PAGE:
Hussein Ghaly presents on a topic in computational linguistics.
In the face of ambiguity: can prosody improve parsing?
In this research, our goal is to improve parsing using prosody. While parsing has traditionally been applied to written language, we believe that spoken language contains additional cues that can be useful in parsing. Prosody is a property of human speech that consists of acoustic patterns of utterances including its timing, pitch, and loudness, and which is related to syntax (Shattuck-hufnagel and Turk, 1996). One use of prosody is to disambiguate sentences containing syntactic ambiguities (Wagner and Watson, 2010). Some algorithms have been developed to predict sentence prosody from syntax (Watson and Gibson, 2004).
In computational linguistics, parsers face difficulty with syntactic ambiguities, such as prepositional phrase (PP) attachment (Kummerfeld et al., 2012). Therefore, since prosody can help disambiguate some syntactic ambiguities, prosody could be used to improve parsing by resolving these ambiguities.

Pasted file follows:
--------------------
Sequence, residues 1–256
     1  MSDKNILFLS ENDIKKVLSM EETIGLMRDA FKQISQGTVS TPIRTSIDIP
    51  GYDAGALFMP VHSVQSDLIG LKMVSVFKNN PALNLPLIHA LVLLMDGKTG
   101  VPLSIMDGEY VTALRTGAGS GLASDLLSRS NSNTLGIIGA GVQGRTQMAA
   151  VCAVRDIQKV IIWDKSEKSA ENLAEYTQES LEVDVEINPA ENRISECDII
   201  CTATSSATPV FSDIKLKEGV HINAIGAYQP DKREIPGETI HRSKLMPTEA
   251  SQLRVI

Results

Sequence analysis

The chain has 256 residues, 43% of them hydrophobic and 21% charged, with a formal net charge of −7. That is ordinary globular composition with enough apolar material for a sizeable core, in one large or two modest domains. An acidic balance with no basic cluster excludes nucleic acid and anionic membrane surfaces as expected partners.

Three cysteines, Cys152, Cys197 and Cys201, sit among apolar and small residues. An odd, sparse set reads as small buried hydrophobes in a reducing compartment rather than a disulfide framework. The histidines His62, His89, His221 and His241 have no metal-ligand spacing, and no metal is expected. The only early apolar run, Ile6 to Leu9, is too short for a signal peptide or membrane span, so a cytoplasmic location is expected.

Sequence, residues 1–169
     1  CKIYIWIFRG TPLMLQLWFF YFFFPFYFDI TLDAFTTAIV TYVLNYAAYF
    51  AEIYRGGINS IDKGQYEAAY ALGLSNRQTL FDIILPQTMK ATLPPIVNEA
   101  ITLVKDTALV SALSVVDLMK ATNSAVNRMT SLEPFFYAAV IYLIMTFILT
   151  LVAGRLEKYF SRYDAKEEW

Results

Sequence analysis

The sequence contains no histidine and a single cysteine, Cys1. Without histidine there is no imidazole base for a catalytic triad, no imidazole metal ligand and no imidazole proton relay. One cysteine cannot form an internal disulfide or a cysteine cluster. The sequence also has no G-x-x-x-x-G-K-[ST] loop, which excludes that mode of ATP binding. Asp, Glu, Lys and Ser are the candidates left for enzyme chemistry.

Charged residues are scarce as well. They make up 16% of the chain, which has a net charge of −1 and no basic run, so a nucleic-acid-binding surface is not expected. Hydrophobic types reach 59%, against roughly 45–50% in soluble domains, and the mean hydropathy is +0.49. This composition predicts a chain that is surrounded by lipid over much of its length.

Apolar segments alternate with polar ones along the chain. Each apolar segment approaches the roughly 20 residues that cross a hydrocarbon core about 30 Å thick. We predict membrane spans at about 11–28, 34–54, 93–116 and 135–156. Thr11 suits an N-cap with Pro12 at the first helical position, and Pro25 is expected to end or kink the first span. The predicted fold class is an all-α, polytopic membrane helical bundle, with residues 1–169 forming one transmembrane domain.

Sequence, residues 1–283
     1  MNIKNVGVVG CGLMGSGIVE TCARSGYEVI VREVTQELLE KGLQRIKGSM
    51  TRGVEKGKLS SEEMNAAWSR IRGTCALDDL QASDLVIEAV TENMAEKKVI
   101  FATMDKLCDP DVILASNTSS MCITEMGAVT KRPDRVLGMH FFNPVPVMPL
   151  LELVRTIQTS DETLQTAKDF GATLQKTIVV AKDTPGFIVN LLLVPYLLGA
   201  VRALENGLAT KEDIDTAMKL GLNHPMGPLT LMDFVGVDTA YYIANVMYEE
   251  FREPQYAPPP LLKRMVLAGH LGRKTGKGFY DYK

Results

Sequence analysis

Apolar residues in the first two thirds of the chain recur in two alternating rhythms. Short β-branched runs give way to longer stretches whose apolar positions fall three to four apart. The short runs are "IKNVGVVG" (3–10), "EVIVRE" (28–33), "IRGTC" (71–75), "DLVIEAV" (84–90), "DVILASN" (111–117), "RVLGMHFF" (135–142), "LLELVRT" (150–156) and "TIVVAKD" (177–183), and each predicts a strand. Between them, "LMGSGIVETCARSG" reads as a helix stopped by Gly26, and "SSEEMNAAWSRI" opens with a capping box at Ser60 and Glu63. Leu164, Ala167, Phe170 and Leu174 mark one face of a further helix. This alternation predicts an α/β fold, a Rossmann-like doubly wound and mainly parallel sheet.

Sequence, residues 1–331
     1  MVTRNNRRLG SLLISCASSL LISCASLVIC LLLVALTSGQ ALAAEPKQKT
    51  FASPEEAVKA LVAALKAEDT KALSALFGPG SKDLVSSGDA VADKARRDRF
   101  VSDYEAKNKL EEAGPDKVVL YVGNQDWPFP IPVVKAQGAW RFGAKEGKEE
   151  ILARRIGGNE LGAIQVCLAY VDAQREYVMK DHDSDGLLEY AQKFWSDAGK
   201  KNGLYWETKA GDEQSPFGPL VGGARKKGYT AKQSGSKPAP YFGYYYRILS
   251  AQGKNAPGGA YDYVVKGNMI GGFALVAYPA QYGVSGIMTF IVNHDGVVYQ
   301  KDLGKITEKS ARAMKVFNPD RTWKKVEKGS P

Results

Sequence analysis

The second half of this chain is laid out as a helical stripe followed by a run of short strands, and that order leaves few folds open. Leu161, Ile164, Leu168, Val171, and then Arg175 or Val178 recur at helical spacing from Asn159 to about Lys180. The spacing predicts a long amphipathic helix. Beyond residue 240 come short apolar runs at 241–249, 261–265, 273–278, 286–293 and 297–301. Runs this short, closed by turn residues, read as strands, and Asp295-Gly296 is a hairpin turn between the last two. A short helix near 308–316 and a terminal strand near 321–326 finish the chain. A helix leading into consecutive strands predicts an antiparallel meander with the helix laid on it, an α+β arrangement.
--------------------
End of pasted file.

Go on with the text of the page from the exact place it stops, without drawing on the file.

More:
We work on the Switchboard Corpus, which contains audio recordings of spontaneous conversational sentences annotated with ground truth parses and prosodic information (ToBI annotations). We propose here improving parsing through prosody using an ensemble of dependency parsers (spaCy, ClearNLP, and Google SyntaxNet), and a re-ranking algorithm to identify for each sentence the most likely parse hypothesis from the three parsers. By incorporating prosodic information into this re-ranking process, we can improve unlabelled attachment score by 0.57%.
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